Professor Stephanie Kelton to join group of economics advisers to new MMT Scotland group
- New Scottish economics group to argue for Modern Monetary Theory policies for independent state.
- Some of the worlds most influencial MMT advocates to join advisory panel, including key Sanders 2016 campaign adviser Prof Stephanie Kelton.
- MMT part of a new wave of economic thought around the developed world.
- Heterodox economic school sets economic thinkers in opposition to Growth Commission Sterlingisation proposal.
ONE of the advisers to Bernie Sanders’ 2016 presidential campaign will join a panel of prestigious economic advisers for the new Modern Monetary Theory (MMT) Scotland group being launched at meetings in Glasgow and Edinburgh in May.
Professor Stephanie Kelton of Stony Brook University is one of the US’ most high profile experts on MMT, which posits that governments which control their money supply can determine their own level of spending, and that fiscal constraints on public debt have played far too large a role in modern economic policy.
She is one of several high profile economists who will serve on an advisory group of a new economic network devoted to MMT in Scotland and its application in an independent Scottish state. The advisery panel will also include Warren Mosler and Professor Bill Mitchell, two of the world’s leading MMT thinkers, Professor Mathew Forstater of University of Missouri-Kansas City and Fadhel Kaboub, Associate Professor of Economics at Denison University, among others.
The new group supports Scottish independence, but will seek to address the wider UK economic landscape with MMT solutions to ongoing problems in the economy, and reach those either side of the constitutional debate with its message.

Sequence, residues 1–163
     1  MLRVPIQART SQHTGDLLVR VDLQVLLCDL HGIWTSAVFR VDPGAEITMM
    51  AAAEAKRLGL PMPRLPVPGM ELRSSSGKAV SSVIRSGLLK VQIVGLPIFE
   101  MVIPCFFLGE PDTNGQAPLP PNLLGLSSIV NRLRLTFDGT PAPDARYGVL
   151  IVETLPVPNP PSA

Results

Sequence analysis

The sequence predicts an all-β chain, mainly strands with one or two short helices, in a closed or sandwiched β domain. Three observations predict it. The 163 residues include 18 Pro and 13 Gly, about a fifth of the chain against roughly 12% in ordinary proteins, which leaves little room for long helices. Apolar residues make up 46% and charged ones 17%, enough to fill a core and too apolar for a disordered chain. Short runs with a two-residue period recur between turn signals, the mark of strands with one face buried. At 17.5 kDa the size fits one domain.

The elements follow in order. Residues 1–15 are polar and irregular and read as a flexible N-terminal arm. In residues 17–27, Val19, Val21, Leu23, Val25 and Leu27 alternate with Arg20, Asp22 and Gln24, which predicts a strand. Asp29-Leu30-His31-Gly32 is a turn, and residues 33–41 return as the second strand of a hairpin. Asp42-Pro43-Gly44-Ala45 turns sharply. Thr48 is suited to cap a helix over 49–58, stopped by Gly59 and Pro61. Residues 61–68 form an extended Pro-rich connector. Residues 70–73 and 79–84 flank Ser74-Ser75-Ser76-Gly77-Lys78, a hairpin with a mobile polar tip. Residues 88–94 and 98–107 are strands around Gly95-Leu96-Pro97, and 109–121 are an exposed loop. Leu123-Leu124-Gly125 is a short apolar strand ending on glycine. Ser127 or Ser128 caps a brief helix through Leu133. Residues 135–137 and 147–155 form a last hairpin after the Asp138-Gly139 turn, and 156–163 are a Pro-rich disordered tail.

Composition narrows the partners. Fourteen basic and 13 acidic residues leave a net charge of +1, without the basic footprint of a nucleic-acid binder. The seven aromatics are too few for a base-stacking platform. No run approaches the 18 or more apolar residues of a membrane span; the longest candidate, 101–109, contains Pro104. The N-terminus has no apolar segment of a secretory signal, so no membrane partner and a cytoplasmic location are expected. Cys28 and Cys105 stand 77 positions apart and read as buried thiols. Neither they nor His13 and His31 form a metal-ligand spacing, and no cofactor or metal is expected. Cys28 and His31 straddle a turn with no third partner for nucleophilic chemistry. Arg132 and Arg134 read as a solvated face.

Speaking to CommonSpace, one of MMT Scotland’s co-founders Cameron Archibald said that MMT’s ideas were necessary in Scotland at a time when monetary policy was being debated.
He said: “Countries with their own currency, their own central bank, who can control how their money works, are much better suited to meet the needs of their population compared to a country that uses the currency of another country.”
The SNP Growth Commission proposals, published in May last year, called for ‘Sterlingisation’ – the continued use by an independent Scotland of the UK’s currency, without an independent central bank and the monetary policy levers available to most independent countries.
MMT has been developing as a body of economic thought for decades, but has become more popular among economists since the 2008 financial crisis, most prominently in its analysis of the subsequent Eurozone debt crisis, which was predicted by MMT economists years prior because of the use of the Euro across many, often divergent, European economies.
It is part of the growth of various alternative and heterodox economic schools including Keynsian and post-Keynsian thought, and socialist economic theory more broadly, after decades of dominance by orthodox neoliberal or ‘free market’ economic theories.